GCF approves Pakistan’s climate change project


Islamabad—The Green Climate Fund (GCF) has approved Pakistan’s US $36 Million Climate Change Adaptation project responding to Glacial Outburst in Northern Pakistan.
GCF approved the project in its 14th board meeting, held in Republic of Korea on October 14. The Ministry of Climate Change together with United Nations Development Programme (UNDP) had submitted this project for Board’s approval, said a news release.
The Indian board member attempted to reject Pakistan’s proposal but the other 23 Board Members, who considered the project fit for approval, out rightly rejected these claims and approved the project. Pakistan also holds an alternate seat at the board (with Saudi Arabia) and was able to effectively mitigate the false perceptions that were being propagated by the Indian member.
The approved project will impact the lives of thousands of people who are living in constant danger of periodic glacial outbursts in the Northern Pakistan. The project will address climate change impacts and Glacial Lake Outbursts Floods (GLOF) risks by preventing loss of lives and community infrastructure based on a holistic approach in all 7 districts of Gilgit-Baltistan and 5 districts in Khyber Pakhtunkhwa province, thus, contributing to a climate-resilient sustainable development in the long-term.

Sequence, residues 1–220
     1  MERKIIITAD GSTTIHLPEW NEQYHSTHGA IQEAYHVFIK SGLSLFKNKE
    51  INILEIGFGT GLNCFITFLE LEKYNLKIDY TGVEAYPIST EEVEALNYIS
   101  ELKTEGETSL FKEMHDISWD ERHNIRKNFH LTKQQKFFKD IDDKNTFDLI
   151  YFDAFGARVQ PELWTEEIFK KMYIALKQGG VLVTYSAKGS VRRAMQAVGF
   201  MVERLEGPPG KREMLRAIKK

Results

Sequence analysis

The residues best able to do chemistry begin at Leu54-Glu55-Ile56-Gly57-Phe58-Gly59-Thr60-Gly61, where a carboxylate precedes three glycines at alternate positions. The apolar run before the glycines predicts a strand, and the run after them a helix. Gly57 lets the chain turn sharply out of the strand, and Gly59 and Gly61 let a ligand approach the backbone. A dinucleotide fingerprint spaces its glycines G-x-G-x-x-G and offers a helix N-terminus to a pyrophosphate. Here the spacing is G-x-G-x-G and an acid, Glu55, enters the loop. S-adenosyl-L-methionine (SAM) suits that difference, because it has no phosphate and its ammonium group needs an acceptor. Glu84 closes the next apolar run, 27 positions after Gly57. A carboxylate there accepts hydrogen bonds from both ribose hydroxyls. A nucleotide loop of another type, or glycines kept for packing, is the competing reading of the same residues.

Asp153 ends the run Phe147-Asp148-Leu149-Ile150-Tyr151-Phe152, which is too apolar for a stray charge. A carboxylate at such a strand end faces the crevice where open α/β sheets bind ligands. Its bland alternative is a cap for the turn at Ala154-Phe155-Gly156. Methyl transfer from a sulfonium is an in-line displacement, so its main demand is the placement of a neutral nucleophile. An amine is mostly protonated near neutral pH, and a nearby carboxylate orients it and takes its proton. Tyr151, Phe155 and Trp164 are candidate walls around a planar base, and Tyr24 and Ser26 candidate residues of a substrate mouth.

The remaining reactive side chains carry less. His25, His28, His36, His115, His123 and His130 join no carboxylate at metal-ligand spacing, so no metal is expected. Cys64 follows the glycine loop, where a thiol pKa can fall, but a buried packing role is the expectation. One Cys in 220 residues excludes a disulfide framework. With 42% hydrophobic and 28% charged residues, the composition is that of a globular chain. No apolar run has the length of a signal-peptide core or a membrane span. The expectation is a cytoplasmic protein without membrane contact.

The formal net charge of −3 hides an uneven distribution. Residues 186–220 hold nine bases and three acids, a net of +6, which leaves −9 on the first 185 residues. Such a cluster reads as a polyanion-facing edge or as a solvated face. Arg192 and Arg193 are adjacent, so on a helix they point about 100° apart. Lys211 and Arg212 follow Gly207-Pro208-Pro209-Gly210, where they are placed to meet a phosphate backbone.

The proposed project will benefit approximately 700,000 people on average directly (5 districts in KP and 7 in GB) and about 30 million indirect beneficiaries, of whom half are women and girls.
The project, thus, benefits about 15% of the total population of Pakistan, estimated at 185 million as at 2014 (World Bank data). The project outcome will strengthen adaptive capacity and reduce exposure to climate risks posed by climate change impacts and GLOF risks through the increased technical capacity of provincial and line departments to integrate CC and GLOF risks into development plans, tools and budgets and by expanding the Pakistan Meteorological Department’s Early Warning System (EWS) based on hydrological modeling and flood scenarios.—APP